Let me be clear - a small proportion of the population have serious illnesses or are at high risk of disease, and these people may benefit very greatly from drug treatments. No doubt about that. But the more of us that can be considered diseased or at risk of disease, the bigger the potential market and the potential profit. So there is plenty of rationale for drug companies to manufacture disease as well as drugs.

This the fundamental argument of Selling Sickness, a book about big drug companies by Ray Moynihan and Alan Cassels. Take the market for SAD, Social Anxiety Disorder. GlaxoSmithKline are the makers of Paxil, the first drug approved for the treatment of SAD. According to the book, GlaxoSmithKline (then SmithKlineBeecham) claimed that SAD affects 1 in 8 Americans - a very tidy market - and a big expansion of what was previously considered a rare disorder. Indeed other estimates put the prevalence at less than 1%, and up to 4%. Presumably the rest of the people in the SAD market just have ordinary shyness.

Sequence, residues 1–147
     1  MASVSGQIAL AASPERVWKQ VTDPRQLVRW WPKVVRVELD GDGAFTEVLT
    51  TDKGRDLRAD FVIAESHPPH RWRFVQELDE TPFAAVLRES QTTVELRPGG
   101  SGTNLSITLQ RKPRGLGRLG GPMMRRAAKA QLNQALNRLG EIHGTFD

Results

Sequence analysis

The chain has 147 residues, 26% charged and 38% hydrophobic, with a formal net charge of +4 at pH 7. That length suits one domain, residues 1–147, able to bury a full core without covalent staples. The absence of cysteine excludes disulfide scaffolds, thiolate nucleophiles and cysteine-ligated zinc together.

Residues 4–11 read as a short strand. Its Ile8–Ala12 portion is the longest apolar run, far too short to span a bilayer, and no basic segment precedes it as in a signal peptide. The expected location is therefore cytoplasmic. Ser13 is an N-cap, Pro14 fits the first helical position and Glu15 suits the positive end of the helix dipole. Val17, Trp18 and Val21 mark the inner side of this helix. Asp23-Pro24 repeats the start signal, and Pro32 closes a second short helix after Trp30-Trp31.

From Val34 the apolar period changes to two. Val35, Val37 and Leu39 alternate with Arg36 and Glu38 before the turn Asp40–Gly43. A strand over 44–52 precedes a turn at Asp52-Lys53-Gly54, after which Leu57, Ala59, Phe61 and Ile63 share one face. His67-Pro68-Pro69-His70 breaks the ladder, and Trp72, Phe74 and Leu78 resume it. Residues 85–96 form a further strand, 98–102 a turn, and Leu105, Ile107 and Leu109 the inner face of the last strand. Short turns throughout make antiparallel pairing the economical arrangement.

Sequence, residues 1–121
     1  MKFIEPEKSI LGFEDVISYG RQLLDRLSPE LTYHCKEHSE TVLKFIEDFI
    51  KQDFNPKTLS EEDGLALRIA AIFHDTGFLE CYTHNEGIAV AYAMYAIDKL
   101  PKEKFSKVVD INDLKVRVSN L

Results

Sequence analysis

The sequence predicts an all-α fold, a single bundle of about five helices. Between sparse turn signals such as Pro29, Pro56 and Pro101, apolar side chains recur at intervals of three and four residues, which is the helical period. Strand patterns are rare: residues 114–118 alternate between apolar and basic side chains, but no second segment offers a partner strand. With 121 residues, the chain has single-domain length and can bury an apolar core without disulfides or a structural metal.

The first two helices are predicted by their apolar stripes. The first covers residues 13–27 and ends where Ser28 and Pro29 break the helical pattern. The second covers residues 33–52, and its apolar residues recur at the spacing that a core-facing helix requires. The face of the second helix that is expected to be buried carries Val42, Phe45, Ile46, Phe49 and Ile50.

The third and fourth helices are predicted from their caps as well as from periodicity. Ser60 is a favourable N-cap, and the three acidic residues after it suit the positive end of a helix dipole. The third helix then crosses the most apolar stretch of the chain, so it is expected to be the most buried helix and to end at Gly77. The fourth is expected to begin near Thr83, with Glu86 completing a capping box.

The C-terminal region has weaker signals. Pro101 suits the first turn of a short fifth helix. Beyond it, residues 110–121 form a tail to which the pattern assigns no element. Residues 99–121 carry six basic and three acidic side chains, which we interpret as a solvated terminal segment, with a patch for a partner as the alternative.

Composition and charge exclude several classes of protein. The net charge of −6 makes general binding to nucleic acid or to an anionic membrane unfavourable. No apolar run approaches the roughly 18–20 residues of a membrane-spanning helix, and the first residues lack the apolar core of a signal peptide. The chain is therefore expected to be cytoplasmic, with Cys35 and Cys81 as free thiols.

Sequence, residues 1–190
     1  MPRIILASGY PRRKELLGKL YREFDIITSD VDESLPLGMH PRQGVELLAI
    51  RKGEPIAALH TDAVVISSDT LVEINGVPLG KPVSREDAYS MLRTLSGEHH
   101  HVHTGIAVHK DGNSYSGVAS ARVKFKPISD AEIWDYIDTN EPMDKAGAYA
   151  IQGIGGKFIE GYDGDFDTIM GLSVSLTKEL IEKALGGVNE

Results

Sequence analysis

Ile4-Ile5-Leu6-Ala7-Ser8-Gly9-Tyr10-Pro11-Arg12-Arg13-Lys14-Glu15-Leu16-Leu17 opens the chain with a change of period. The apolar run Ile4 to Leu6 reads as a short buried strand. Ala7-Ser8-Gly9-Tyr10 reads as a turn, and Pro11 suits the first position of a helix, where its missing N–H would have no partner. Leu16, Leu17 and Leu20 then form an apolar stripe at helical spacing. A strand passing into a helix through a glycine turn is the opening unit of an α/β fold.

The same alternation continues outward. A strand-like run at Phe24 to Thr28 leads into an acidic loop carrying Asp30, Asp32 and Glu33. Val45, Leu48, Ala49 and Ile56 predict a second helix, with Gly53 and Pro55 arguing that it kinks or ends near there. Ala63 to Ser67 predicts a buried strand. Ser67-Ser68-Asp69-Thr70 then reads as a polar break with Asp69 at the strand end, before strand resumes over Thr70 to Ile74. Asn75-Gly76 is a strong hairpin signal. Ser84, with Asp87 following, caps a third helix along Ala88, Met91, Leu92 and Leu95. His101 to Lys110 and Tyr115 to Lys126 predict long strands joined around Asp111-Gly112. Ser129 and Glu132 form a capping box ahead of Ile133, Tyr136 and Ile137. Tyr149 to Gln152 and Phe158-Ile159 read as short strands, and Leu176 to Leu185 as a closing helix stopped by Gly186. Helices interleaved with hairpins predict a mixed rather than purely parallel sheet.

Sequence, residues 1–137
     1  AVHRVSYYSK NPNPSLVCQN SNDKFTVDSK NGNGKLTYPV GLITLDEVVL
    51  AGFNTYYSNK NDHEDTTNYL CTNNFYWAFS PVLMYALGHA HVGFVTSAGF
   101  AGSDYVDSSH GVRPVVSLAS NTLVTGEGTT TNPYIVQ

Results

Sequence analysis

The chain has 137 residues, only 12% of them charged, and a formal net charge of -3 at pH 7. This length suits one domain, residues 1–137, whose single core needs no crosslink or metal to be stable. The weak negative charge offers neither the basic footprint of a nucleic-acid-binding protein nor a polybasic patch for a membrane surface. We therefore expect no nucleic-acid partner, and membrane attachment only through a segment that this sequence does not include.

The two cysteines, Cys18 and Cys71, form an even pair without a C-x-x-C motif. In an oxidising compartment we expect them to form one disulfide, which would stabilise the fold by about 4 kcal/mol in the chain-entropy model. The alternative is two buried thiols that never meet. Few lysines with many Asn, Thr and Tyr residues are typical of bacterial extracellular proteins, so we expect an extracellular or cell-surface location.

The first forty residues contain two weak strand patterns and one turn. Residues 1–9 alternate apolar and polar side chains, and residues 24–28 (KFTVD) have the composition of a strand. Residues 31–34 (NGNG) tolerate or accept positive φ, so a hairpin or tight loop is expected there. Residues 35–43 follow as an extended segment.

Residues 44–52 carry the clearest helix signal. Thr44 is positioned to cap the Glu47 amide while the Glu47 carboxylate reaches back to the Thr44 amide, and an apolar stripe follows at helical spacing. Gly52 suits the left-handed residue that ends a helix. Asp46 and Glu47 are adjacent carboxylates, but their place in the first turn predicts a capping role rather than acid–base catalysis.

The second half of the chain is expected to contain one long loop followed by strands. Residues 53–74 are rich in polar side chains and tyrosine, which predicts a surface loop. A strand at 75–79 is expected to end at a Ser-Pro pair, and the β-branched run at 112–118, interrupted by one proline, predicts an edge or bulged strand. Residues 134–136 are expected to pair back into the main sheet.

Or what about the market for osteoporosis prevention drugs? Recent definitions of low bone density put 30-50% of post-menopausal women in this market. That's a big market. Osteoporosis prevention drugs currently are worth about $5billion per year - expectations are that could increase to $10billion per year. Just after I read this bit of the book, I opened my copy of a doctor's magazine that had arrived in the mail, and sure enough, there was an ad featuring an attractive woman, Id say in her forties.

The marketing promotes the idea of taking tablets to prevent bone loss, but what really matters is preventing fractures. Taking a drug to reduce hip fracture might be beneficial for women in their 70s and 80s when the risk of hip fracture is high. But for a woman in her forties or fifties the risk is very small.
Most women of this age will be better off taking exercise rather than pills. Even in older women low bone density is only one of many factors contributing to hip fracture, along with poor balance, failing eyesight and muscle loss. But in the US, drug marketing keeps conditions like osteoporosis prominent in the consumer's mind, fuelling the desire for drug treatment.